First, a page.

OT: Cloud Computing is coming to ...

Phil Meyer pmeyer at themeyerfarm.com
Tue Jul 20 22:18:11 UTC 2010

On 07/20/2010 03:38 PM, Ian Malone wrote:
> On 20 July 2010 18:21, Michael Semcheski<mhsemcheski at gmail.com>  wrote:
>> On Tue, Jul 20, 2010 at 12:51 PM, Marko Vojinovic<vvmarko at gmail.com>  wrote:
>>> Specifically, assuming that I have my own hardware to set the whole thing up,
>>> what is the difference between having a server (possibly virtualized), and
>>> having a server "on the cloud"? And what is the main benefit of the latter over
>>> the former?
>> Here's an example.  Imagine a University.  The School of Medicine has
>> 10 servers, the Business School has 5 servers, the Engineering School
>> has 15.  Additionally, Admissions has 1 server which is mostly idle
>> for 9 months out of the year, but pretty busy during October, November
>> and December.  The Chancellor has a server, HR has 5 servers, etc.  In
>> total, there are 100 servers, but no one unit has more than 15.
>> ...
> While there are quite a lot of advantages to this there are some
> disadvantages, particularly in the research setting you describe where
> each department will have its own set of grants which will have
> allocations for computing resources and everyone will have a different
> idea of the priority on their work.

That is the whole point.  Ideally this is how it works from a ptactical 
point of view:

I am the Dean of Engineering and we need to run a massive simulation of 
a type 5 tornado on a set of bridge types.  This is not only for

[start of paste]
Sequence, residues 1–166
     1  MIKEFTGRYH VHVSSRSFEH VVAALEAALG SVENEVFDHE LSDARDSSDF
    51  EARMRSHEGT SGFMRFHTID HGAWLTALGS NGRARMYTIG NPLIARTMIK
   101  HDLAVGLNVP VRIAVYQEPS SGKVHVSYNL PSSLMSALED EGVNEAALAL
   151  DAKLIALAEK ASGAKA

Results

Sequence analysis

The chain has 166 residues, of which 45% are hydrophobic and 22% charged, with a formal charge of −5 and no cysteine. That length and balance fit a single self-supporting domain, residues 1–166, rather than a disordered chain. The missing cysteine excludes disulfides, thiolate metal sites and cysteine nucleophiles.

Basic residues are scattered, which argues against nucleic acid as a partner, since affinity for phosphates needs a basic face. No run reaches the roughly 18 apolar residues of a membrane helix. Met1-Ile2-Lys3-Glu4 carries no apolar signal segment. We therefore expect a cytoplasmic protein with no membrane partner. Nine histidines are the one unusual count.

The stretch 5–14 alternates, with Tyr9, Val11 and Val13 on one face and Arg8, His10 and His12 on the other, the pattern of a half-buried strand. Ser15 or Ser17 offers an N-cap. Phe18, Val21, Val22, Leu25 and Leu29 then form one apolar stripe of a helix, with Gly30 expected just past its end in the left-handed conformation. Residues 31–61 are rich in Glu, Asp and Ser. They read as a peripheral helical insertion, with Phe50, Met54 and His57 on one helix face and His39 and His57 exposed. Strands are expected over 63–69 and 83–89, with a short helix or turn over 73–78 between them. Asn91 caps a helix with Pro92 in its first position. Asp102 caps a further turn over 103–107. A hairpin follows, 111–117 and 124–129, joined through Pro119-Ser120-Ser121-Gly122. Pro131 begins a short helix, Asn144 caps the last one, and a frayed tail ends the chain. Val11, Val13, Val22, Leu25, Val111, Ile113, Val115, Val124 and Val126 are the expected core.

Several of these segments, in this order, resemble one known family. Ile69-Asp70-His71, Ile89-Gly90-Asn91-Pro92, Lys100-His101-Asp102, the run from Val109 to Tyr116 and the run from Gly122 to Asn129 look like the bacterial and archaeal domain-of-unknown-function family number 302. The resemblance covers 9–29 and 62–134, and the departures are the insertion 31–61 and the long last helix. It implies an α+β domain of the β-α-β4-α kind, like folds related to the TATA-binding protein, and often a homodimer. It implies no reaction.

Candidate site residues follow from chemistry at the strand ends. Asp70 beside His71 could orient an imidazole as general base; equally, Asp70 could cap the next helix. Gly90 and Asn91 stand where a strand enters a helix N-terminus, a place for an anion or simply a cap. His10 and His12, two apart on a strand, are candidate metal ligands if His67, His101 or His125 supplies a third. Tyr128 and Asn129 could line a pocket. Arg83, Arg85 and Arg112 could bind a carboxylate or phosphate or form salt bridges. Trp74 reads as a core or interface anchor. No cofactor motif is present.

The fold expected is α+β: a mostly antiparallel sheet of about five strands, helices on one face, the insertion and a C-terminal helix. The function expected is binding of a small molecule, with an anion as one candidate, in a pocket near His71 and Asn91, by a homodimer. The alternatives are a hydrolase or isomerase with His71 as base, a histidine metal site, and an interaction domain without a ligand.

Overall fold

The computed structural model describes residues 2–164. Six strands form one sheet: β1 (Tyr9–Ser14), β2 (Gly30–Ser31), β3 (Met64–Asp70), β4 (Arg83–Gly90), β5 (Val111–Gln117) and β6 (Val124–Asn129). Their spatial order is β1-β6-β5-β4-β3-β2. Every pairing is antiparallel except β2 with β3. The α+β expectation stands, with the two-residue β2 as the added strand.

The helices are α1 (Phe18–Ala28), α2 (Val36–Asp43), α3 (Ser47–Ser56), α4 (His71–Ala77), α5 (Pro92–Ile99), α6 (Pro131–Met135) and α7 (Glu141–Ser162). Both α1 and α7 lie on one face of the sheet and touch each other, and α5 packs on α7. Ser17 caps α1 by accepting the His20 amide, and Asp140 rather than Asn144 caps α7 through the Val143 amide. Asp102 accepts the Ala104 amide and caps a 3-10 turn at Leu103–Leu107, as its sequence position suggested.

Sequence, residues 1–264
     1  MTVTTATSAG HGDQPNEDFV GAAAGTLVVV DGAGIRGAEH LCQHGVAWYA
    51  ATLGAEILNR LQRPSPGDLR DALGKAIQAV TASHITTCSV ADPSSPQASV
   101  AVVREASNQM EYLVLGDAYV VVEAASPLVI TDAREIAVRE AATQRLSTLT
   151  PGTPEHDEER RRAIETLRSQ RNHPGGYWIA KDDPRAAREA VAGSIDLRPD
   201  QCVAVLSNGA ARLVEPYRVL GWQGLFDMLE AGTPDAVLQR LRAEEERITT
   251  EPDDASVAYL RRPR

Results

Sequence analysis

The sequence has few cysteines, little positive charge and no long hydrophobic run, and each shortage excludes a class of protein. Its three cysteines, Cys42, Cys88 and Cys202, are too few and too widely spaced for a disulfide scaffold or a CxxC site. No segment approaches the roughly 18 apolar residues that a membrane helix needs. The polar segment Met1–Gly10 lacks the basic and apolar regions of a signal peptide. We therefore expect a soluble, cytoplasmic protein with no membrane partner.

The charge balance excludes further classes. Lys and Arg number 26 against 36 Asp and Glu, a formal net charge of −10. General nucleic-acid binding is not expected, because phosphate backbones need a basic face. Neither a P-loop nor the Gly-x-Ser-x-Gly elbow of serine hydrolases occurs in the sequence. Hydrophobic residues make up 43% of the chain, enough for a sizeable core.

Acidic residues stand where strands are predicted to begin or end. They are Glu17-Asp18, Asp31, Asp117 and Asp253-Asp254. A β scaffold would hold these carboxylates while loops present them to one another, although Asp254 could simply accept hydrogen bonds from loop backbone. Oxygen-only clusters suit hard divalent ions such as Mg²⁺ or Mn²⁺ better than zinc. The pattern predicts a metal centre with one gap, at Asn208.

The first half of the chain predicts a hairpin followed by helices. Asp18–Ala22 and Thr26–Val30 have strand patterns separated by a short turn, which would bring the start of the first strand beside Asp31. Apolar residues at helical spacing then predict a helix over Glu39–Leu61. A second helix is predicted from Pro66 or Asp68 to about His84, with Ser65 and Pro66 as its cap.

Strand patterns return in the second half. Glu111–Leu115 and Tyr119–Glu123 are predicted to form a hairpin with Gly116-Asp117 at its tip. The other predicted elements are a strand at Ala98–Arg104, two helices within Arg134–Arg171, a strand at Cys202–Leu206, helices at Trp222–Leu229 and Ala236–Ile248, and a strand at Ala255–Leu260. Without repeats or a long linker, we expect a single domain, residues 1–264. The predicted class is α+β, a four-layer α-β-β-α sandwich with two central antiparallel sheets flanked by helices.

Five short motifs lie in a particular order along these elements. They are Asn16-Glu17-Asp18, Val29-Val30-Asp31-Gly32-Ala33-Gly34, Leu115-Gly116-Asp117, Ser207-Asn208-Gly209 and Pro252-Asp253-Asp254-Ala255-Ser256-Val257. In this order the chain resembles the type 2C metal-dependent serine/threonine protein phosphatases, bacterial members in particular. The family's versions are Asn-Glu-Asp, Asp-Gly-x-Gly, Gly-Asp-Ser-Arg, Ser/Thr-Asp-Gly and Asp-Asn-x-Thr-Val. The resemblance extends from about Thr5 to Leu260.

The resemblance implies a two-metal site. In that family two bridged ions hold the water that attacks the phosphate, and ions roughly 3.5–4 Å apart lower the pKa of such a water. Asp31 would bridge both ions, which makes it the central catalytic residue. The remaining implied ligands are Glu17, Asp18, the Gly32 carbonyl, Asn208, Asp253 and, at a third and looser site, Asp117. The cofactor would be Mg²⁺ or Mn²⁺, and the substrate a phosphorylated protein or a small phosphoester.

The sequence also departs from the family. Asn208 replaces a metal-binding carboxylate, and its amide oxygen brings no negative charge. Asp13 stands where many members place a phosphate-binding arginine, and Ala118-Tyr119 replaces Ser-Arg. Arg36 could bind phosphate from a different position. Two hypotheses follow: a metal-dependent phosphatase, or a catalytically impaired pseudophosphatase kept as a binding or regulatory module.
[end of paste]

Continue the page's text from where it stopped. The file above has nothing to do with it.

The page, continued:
instruction is a senior level class, but as our main graduate focus for 
the next year.

We assess our own needs, and access the University 'cloud' website.  I 
order 256 2.6 GHZ or better CPUs, 192GB of RAM, and 2TB of disk space, 
and specify Linux as my OS.

Thirty minutes later I get an email notification with the hostname, IP 
Address, administrator login, and password for my new compute environment.

My department is billed substantially less for my compute platform than 
if I built it up myself, and the University will re-use those components 
beginning next summer semester.

I am the board of Regents administrator for this same university.  I 
need a database engine that is extremely reliable and very fast to house 
all University records.  I get on the 'cloud' web site and specify: 
Oracle, 96GB RAM, 2TB disk space, HA, and remote hot backup.

Thirty minutes later I get an email with the IP Address and Oracle 
Admintrator password for my new database engine.  These components might 
migrate and update without my knowledge, and they will exist long term.

I am a doctoral candidate at this University.  My thesis is a method to 
accurately map ocean temperatures in comparison to oceanic life forms, 
their movements, life expectancies, reproduction, and eco-systems.  
Since the bulk of my work will be done on my local workstation, what I 
need to add is massive storage.  I get my advisory board to get on the 
'cloud' web site and order 10 TB of storage for my project.

All of these, and many more, are ways of expressing:

Computing as a service
Applications as a service
Storage as a service

All of those and more are what 'cloud' computing can mean.  Its the 
front end web site, and the back end 'glue' that is variable and nebulous.

What is happening in Linux is that bits of glue are being added in 
places, but it does not expose anything, or cause overhead, generally, 
unless used.

For instance, KVM virtualization is enabled in the Fedora kernels by 
default, but most motherboards are shipped with it turned off in the 
BIOS.  Thus, you will never know it or be bothered by it unless you 
specifically enable it, and then use it to create a particular type of 
virtual machine.

So when they talk about enabling 'cloud' features, they almost never 
will affect you unless you wish to use them.

Good Luck!

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